7. I appreciate the fact that this topic has ben introduced for discussion in this forum.It does look like God’s gift to those who are unable to conceive though they desperately want a child and when they uncomfortable with adoption.But the need to beget a third child by parents who have already begotten children of their own is quite perplexing.but again,this is one’s freedom of choice. looking at it socio-politically,in India, i do not think that it is a good idea when we are already so overpopulated.be that as it may,surrogacy under the circumstances as i have mentioned seems to be a godsend but the legal aspects of it are not very clear in India.As for the carrier lady as the surrogate is called does have the right to protect her own health and the would be parents are also required to take extra care of her health if need be.

  8. I honestly do not think any of us has the right to decide how many children is ‘just right’. I have one, does that mean people with two, have too many?NO! Really not in our place to question why they felt the need to add a third child to their family.

    The only thing I would worry about is the sex selection aspect if that were true. Apart from that – why they had a 3rd child, why they didn’t adopt…really not our business.

  9. Absolutely Gayathri! Its nobody’s business to decide how many children a couple should have. Nobody jumps onto surrogacy without weighing the other possible options. Understand, it is as risky and stressful to the couple as it is to the surrogate mother. And here, most often than not, both parties do it for a reason. If one gets their own biologic child, the other is getting money (which may be the most important thing for her at that stage). All of us work for money, our means are different. Nobody is forced here. And talking about adoption, yes its not a cakewalk! But why compare surrogacy and adoption?? Your own child is your own child, as is the case with surrogacy. Then why get pregnant and go through nine tough months when you can adopt??? If you really want to adopt, u need not be infertile for that! Everyone wants their own child. And whats wrong in that?? So I believe nothing wrong in going for surrogacy, if natural pregnancy is not possible. And even in the case of Shahrukh and Gauri Khan, they are way to old to go ahead with a natural/ normal pregnancy. Cheers!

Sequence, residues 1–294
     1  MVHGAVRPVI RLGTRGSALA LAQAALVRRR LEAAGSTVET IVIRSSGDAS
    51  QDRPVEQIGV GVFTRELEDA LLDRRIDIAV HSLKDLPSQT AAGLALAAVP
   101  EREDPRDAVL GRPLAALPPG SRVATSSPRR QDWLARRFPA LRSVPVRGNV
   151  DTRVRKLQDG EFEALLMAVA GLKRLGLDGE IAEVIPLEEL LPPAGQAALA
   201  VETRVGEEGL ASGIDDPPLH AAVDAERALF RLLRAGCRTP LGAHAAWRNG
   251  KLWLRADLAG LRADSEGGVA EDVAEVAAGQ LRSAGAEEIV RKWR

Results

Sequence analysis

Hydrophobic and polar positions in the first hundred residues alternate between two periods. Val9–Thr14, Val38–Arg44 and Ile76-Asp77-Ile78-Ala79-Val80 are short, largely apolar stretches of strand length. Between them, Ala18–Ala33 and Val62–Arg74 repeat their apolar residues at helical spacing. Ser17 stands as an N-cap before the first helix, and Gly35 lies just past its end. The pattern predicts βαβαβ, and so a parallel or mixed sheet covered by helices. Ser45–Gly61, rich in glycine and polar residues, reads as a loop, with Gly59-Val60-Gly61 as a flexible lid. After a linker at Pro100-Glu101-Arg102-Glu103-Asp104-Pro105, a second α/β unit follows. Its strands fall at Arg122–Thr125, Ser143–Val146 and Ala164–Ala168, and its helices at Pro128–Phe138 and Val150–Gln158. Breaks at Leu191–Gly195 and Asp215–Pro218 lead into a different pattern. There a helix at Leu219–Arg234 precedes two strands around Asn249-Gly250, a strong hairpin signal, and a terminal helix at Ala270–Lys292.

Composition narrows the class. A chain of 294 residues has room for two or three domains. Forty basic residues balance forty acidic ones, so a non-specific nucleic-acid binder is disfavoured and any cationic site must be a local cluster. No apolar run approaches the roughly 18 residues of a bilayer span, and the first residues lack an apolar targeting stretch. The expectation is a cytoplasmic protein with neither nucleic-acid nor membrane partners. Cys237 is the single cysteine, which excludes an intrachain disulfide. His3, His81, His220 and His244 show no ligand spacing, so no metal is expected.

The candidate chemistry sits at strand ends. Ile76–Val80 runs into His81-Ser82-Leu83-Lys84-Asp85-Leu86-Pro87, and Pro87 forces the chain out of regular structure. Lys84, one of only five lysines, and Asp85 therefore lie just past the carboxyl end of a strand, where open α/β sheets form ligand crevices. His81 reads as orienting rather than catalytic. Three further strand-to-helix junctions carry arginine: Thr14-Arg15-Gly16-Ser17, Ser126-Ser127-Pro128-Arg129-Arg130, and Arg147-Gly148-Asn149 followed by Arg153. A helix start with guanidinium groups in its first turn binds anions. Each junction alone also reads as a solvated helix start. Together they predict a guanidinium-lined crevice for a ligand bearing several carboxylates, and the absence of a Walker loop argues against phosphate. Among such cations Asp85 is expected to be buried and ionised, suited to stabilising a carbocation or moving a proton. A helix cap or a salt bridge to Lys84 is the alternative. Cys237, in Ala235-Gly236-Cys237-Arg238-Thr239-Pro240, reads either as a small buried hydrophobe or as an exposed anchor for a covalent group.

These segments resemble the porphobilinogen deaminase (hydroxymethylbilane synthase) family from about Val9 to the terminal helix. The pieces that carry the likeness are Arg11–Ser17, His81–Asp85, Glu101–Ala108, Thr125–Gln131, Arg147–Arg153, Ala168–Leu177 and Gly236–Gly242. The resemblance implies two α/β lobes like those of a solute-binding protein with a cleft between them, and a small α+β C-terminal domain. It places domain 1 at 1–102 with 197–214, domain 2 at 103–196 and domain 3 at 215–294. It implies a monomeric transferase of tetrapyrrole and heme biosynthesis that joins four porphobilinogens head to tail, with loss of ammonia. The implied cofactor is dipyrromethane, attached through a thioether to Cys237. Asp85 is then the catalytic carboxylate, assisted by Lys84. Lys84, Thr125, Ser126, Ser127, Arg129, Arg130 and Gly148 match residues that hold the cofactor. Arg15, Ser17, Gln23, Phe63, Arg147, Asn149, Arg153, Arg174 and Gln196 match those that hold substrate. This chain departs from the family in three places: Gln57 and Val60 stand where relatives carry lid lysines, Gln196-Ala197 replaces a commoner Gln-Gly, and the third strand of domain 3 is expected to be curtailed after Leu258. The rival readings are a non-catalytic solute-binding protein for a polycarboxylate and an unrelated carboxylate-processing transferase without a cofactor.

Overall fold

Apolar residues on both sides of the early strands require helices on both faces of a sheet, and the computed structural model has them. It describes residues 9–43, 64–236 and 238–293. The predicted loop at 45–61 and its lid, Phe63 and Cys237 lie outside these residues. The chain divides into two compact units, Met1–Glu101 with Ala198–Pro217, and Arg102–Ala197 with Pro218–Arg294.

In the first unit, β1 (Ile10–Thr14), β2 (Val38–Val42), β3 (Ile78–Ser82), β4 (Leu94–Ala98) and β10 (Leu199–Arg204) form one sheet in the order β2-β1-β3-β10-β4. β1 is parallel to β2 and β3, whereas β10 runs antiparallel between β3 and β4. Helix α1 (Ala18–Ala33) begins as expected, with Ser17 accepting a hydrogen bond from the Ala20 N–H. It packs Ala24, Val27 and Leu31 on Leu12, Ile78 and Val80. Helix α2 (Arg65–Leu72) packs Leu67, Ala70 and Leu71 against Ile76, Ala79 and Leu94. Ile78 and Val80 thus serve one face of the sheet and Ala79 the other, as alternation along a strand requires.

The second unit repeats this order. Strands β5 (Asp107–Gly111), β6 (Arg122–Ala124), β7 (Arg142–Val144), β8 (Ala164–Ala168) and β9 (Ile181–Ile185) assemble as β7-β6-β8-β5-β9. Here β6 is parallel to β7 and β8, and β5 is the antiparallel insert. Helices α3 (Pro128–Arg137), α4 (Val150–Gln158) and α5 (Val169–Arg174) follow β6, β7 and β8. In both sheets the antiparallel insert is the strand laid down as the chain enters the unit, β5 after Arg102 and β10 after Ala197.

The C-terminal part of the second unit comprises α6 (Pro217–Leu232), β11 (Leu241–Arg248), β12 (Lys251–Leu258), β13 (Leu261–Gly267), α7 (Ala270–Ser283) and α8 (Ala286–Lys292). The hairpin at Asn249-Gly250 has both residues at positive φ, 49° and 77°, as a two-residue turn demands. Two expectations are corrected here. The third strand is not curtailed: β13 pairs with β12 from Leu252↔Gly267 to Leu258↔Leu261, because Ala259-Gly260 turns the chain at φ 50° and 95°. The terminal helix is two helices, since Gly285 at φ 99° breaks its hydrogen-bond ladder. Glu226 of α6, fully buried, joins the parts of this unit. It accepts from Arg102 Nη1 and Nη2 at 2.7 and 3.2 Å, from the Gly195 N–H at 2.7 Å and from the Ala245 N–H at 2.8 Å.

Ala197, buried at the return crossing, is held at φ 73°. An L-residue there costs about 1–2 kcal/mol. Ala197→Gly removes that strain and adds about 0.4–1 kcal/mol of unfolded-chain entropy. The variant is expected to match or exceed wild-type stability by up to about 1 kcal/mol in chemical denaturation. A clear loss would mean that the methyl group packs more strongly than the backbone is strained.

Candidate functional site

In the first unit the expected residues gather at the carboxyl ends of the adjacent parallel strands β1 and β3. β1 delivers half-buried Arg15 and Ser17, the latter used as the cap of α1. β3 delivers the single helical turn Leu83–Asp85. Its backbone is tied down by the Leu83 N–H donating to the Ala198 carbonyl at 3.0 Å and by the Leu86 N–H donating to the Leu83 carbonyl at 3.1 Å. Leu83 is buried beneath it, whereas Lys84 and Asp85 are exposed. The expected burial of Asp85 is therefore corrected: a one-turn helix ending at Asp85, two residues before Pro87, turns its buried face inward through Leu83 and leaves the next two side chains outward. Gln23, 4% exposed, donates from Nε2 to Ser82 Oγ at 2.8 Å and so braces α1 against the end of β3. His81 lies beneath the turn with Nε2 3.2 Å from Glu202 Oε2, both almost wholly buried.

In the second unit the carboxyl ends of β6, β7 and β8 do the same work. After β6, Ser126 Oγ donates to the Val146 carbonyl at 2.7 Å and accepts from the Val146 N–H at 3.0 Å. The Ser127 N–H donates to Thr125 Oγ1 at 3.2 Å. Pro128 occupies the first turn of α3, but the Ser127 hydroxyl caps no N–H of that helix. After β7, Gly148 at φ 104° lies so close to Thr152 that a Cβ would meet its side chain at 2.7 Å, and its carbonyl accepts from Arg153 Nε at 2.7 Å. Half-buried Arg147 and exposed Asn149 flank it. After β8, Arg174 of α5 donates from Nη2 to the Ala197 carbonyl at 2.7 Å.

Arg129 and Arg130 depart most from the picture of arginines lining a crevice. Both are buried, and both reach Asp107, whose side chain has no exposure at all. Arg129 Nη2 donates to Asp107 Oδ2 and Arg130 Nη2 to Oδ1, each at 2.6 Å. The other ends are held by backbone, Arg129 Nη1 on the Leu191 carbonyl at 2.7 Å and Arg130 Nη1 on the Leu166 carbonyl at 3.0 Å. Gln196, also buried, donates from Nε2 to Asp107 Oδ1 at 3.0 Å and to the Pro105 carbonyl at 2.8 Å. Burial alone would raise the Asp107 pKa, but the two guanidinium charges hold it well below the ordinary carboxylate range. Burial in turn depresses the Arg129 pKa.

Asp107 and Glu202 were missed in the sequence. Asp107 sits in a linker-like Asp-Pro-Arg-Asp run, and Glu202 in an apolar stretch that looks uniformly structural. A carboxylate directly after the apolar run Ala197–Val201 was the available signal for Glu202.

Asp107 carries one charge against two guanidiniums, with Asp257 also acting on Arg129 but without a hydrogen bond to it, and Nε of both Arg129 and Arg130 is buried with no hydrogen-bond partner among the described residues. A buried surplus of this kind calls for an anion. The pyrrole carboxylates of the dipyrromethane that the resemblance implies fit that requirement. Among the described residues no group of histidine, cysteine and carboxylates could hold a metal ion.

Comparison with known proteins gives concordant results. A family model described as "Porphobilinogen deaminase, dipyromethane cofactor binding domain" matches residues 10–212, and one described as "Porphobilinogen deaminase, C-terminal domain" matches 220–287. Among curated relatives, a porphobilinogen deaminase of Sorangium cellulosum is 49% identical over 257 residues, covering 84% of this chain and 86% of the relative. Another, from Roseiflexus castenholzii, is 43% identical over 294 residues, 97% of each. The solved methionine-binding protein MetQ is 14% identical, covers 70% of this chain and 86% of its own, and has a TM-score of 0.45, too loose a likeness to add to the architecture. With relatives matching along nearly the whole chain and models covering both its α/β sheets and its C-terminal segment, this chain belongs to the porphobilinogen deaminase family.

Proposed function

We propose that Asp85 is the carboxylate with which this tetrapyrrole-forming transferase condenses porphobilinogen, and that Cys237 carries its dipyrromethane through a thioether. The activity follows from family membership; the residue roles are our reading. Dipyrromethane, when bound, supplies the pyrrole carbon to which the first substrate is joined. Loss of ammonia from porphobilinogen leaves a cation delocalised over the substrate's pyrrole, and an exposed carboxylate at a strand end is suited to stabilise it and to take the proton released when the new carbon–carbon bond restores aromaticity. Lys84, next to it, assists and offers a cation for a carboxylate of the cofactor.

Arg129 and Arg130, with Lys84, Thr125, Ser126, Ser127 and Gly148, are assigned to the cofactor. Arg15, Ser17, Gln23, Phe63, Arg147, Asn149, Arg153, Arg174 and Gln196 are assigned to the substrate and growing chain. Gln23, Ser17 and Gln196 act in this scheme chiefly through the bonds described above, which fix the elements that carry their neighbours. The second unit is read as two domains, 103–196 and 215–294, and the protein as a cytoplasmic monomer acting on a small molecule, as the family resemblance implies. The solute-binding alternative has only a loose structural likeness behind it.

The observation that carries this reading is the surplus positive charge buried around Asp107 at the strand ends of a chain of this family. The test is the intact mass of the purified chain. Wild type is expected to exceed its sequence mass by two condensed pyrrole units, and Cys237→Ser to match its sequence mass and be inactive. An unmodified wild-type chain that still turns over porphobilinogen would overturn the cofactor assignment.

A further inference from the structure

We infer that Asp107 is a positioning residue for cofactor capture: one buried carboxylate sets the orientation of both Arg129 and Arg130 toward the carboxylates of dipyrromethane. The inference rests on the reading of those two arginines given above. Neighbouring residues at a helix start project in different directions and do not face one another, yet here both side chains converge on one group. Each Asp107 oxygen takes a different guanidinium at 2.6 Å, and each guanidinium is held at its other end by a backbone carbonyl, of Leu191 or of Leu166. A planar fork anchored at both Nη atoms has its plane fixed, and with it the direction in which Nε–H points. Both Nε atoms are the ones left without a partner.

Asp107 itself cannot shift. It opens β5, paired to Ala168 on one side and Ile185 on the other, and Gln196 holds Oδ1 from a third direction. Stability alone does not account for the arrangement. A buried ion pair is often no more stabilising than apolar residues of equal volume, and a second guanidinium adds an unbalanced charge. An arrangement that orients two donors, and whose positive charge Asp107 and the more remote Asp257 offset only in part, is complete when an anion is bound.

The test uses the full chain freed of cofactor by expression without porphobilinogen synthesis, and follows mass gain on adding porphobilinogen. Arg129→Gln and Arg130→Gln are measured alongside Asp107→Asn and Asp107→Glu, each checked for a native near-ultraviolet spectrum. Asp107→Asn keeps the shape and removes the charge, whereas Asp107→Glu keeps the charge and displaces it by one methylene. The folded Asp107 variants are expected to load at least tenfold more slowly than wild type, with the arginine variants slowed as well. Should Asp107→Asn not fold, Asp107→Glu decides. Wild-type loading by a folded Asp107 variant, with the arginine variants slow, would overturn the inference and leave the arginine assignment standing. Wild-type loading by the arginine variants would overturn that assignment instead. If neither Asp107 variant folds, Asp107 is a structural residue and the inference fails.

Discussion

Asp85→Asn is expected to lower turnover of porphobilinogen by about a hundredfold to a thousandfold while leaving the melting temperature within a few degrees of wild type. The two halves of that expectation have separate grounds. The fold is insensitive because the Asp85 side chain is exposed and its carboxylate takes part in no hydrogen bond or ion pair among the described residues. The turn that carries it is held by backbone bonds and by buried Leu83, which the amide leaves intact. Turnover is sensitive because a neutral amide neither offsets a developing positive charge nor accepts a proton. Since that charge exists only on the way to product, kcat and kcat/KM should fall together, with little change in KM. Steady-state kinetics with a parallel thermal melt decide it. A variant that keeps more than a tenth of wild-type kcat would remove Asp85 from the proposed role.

• Women's Web

      I’ve never said there is anything wrong in wanting a biological child, Anuja (note, “own” child is wrong usage – a child who is adopted is also your own child). And I do agree that people would be evaluating options without surrogacy. No one is “deciding” how many children a couple should have, but yes, I have strong opinions on this given how we are depleting the planet, and I am free to judge, just as they are free to decide. One thing I do disagree with you on, is this, “Understand, it is as risky and stressful to the couple as it is to the surrogate mother. ” – No, it is not. The surrogate mother can die during childbirth for e.g.,I wonder if you think that risk applies to the couple?

    • Hi, am glad we are all putting our points down. As far as the risk to the couple is concerned, even in surrogacy, the eggs and sperms are retrieved from the couple surgically which again are extremely sensitive procedures. And not as routinely done as natural deliveries. And trust me, there is intense amount of technical and patient preparation involved to do this. The specialists themselves doing this, claim it to be a tough task! As far as losing a life is concerned, any procedure done under general anesthesia has equal, if not more risk involved.
      Regarding the comparison between adoption and surrogacy, I guess I put it down quite clearly. Am absolutely for adoption but not because natural pregnancy is not possible. Yes, adopted child is also our ‘own’ as you said, but I believe surrogacy is a wonderful chance for a couple to have their biologic child. As long as the parties involved are satisfied, all is well! 🙂

      To choose not to have a child and to be unable to have one for medical reasons, are two different worlds. Am sure statements like “adoption being a kinder option than surrogacy” can be disheartening to a couple whose putting in their time, money, efforts and more importantly many emotions and dreams towards having a biologic child through surrogacy (which is a very tedious process taking sometimes 2 or more years!) . They aren’t mean. They’re just born different! Thanks.
      Cheers!

    • Hia Anuja
      Just adding to what you said,
      That maybe the couple has no option but to go through the process of surrogacy.Hence no one can really say if it is wrong or right without knowing why this option has been chosen.

  10. I wonder why a website, with basis on feminism, thinks of surrogacy as a not-so-moral choice. Of course, I agree that it is important to have regulations in surrogacy..The surrogate mother need to be protected – not just in providing comfortable physical space, but also mentally. And that, they should be heavily paid. From what I have read, they are given a hefty amount for this wonderful sacrifice.
    If we truly truly care for the planet- and are really logical people- none of us should have children. Instead, we should all adopt. Especially, in a country like India- it may not be difficult to adopt. So, it need not be difficult as in USA.However, many of us ( i m talking abt general public- there may be exceptions)..do not think of adoption, if we are happily married- and are fertile. ( eg. of ppl who have opted for adoption in film field -since we are talking of sRK here- is Sushmitha Sen and Shobhana- both not married.. ya, they could have used donor sperm- they did not)